pardon me for making a few suggestion, in addition to those of General Elliot, which I inclose, on the importance of holding this point: First. This place is the key to the Baltimore and Ohio Railroad. Let this point be abandoned, and our forces withdrawn to Harper's Ferry, and no force that it would be practicable for our Government to place at Harper's Ferry, and at points along the Baltimore and Ohio Railroad west of that place, would or could secure it against raids from the enemy occupying this place as a base . That railroad never has been nor never can be kept from destruction while this place is occupied by the rebels. Secondly. The fortifications on the hill near this place are now so perfect, and all approaches to them so well protected by outworks, that I can hold them against five times our number . Thirdly. The Union men and women of this and adjoining counties have been so often disappointed and abandoned to the demons of treason, that they had become very timid and doubtful, but our six months' occupation here has begun to give them confidence in, and many of them have come out and taken a decided stand for, the Union, and in both town and country the Union sentiment has recently been rapidly improving. Men and women are coming in daily in large numbers and voluntarily taking the oath of allegiance, and I am told that the leading influential secessionist of this place, in private counsel among themselves, have determined, upon the first serious reverse to their cause in Virginia, to come out boldly and take the stump for reconstruction . Fourthly. There is a large amount of wheat in this and the surrounding counties, of the last two years' crops, still unthreshed, which the rebs would get, if we abandoned the country to them . I am, therefore, decidedly of opinion that every dictate of interest, policy, humanity, patriotism, and bravery requires that we should not yield a foot of this country up to the traitors again . With much respect, I am, general, truly, yours, &c.,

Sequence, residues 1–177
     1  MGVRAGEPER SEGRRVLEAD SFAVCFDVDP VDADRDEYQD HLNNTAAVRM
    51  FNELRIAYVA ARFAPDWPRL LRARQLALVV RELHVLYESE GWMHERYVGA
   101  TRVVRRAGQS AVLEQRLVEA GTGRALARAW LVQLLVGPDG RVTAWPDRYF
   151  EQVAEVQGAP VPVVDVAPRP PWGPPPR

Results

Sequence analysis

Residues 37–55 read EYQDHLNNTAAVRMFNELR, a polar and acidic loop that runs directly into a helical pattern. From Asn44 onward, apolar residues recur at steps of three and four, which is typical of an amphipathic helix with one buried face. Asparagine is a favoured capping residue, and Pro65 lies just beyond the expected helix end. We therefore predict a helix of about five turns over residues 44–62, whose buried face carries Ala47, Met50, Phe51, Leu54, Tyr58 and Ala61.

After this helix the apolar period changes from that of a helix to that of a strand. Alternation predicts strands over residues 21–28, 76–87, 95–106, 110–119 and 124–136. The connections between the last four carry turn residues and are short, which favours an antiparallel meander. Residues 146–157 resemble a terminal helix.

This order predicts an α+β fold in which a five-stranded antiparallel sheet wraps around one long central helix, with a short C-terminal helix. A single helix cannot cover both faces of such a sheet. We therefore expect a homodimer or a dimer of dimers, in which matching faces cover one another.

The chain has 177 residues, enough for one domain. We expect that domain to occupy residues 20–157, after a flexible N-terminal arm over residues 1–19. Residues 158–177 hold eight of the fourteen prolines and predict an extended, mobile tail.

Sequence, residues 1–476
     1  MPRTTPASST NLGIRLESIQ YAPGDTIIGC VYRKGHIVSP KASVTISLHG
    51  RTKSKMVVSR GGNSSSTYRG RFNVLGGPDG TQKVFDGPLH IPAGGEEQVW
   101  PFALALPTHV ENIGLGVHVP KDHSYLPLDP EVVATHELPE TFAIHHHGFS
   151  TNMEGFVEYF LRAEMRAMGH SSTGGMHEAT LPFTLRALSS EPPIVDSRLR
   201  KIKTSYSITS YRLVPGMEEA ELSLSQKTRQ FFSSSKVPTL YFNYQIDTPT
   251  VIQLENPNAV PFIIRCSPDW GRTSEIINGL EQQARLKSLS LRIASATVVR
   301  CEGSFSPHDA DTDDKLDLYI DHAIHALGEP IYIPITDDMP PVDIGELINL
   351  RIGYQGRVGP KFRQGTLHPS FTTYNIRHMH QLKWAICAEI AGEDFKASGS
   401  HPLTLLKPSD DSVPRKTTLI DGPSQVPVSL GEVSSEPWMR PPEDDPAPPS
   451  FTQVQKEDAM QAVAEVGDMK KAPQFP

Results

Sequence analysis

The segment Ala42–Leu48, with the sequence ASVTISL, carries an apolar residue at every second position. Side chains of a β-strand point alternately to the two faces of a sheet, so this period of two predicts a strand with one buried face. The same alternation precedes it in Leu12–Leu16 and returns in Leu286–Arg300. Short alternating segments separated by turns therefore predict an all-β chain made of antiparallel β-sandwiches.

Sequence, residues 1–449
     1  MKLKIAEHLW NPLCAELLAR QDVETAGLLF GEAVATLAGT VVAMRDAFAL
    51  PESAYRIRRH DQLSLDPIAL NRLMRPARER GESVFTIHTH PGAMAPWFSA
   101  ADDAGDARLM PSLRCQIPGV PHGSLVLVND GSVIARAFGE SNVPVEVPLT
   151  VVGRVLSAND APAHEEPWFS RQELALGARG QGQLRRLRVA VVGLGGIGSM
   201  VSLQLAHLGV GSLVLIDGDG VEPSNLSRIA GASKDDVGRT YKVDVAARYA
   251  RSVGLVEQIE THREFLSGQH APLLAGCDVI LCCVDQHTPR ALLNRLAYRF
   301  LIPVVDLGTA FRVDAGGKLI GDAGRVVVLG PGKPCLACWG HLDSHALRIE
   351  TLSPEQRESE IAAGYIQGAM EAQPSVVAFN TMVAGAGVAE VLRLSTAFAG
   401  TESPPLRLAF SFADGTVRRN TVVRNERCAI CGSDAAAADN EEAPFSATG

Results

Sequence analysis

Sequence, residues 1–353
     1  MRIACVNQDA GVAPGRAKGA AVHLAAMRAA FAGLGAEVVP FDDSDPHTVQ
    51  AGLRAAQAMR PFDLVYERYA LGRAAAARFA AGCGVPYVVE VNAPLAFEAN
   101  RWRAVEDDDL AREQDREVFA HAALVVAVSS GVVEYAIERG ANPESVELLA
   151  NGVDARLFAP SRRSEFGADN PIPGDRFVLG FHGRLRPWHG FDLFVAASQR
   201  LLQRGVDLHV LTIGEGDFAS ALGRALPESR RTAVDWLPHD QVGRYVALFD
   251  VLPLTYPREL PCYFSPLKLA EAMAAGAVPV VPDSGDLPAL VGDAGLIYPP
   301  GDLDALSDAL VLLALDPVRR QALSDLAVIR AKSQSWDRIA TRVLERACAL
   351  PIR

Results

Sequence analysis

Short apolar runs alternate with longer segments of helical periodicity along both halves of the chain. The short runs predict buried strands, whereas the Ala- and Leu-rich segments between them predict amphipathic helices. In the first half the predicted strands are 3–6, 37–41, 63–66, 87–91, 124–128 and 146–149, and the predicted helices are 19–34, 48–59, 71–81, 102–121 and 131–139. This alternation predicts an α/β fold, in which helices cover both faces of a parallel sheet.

R. H. MILROY,
HEADQUARTERS EIGHT ARMY CORPS, Baltimore, Md., June 14, 1863.
Respectfully forwarded to the General-in-Chief The original not received until this morning, but in the meantime your orders to abandon Winchester and fall back to Harper's Ferry have been made still more peremptory.
ROBT. C. SCHENCK,
HDQRS. FIRST BRIG., SECOND DIV., EIGHT ARMY CORPS, Winchester, Va., June 12, 1863.
Major General R. H. MILROY,
U. S. Vols., Comdg. Second Div., Eight A. C., Winchester, Va.:
GENERAL: By request, I respectfully submit my views in regard to the occupation of this place by the United States forces . With the force under your command, including that at Berryville, the fortifications commanding the town, and
outworks, can be held against two or three times its number.